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Washington nonprofit fights digital inequity during pandemic

InvestED has been supporting students since the 1960s but now they face a new battle during the coronavirus pandemic.

SEATTLE — Due to the coronavirus pandemic, many children in Washington are learning from home. 

However, one in five students don't have access to high-speed internet, and 15% of students don't have devices. That literally means these kids can't go to school while districts are doing remote learning. 

While school districts are struggling to get students everything they need, a Renton organization is making sure no one falls through the cracks.

InvestED has been helping kids achieve since the nonprofit was founded in the 1960s. Now, InvestED provides funding to more than 600 secondary schools throughout Washington state to help fill the gap for families.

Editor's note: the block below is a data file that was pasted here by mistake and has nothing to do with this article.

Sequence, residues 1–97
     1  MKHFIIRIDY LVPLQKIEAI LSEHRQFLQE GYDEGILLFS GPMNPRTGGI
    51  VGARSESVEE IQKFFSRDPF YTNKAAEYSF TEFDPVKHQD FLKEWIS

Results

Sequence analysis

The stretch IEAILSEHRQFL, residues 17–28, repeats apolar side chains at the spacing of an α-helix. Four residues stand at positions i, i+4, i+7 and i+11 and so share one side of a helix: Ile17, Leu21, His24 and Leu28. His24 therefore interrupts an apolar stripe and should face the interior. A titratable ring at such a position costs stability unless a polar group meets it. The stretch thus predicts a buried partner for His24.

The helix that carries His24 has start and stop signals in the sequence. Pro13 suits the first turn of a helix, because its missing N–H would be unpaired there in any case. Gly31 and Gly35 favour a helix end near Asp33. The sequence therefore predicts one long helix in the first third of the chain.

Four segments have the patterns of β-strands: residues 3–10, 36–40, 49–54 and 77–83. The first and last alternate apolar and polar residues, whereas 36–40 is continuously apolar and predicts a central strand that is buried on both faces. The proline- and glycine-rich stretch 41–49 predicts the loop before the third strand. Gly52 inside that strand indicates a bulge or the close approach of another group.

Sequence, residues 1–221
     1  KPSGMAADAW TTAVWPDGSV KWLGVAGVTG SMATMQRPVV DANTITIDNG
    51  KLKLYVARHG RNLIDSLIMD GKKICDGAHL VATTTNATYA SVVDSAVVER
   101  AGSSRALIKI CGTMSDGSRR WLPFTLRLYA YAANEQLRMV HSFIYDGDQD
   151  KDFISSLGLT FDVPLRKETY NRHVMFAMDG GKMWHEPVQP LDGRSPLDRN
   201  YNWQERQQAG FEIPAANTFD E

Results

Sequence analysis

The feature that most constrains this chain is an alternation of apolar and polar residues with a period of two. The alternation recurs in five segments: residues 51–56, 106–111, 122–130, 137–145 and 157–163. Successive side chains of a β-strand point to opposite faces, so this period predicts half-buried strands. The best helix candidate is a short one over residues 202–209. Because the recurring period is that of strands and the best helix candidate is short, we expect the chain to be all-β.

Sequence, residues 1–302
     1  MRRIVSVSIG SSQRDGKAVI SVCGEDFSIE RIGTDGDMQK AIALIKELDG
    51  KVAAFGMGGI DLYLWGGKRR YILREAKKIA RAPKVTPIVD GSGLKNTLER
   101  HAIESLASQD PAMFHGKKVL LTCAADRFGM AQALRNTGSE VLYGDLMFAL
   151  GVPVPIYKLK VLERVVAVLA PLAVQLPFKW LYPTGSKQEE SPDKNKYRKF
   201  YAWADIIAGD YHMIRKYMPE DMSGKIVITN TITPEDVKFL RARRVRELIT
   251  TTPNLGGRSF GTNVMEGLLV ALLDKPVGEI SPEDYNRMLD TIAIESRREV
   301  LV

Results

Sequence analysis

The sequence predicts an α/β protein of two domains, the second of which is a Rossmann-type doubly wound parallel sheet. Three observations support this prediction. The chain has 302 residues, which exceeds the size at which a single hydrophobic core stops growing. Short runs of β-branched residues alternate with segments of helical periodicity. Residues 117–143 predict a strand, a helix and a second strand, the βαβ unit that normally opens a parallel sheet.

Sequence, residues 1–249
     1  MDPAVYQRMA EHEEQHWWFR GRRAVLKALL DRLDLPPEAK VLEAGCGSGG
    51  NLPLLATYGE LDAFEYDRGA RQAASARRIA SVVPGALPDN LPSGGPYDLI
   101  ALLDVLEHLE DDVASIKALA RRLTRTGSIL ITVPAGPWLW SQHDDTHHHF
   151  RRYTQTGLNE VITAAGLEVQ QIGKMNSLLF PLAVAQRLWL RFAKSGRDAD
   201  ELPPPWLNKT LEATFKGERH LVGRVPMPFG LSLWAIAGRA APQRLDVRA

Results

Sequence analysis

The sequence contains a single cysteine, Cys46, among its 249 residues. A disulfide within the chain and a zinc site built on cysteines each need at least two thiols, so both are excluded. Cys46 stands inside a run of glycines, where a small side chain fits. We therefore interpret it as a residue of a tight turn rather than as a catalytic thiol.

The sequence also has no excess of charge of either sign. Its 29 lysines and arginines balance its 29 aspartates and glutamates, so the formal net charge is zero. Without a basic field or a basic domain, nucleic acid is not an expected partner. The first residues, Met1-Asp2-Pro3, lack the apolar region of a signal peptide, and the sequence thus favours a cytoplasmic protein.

They are also helping to tackle the issue of digital inequality. Executive Director Joyce Walters said through the COVID-19 Student Fund, InvestED raised about $1.2 million to send to schools to invest in connectivity for students and devices and nutritional needs.

“No gift is too small, but we’ve been having people step up in a very big way,” Walters said. “We’ve been very fortunate with that.”

Walters also shared a heart-breaking story of how they've helped Washington children beyond the classroom. In Eastern Washington, Walters said a high school student told her counselor she wouldn’t be able to attend her father’s memorial service, because she didn’t have clothes that would be respectful enough. However, the school used InvestED dollars to purchase appropriate clothing for the student.

“Now that may seem like it’s not academic, it’s not a teacher development or leadership development, which are all very important things, but to her at that moment in her life, that barrier was insurmountable,” Walters said.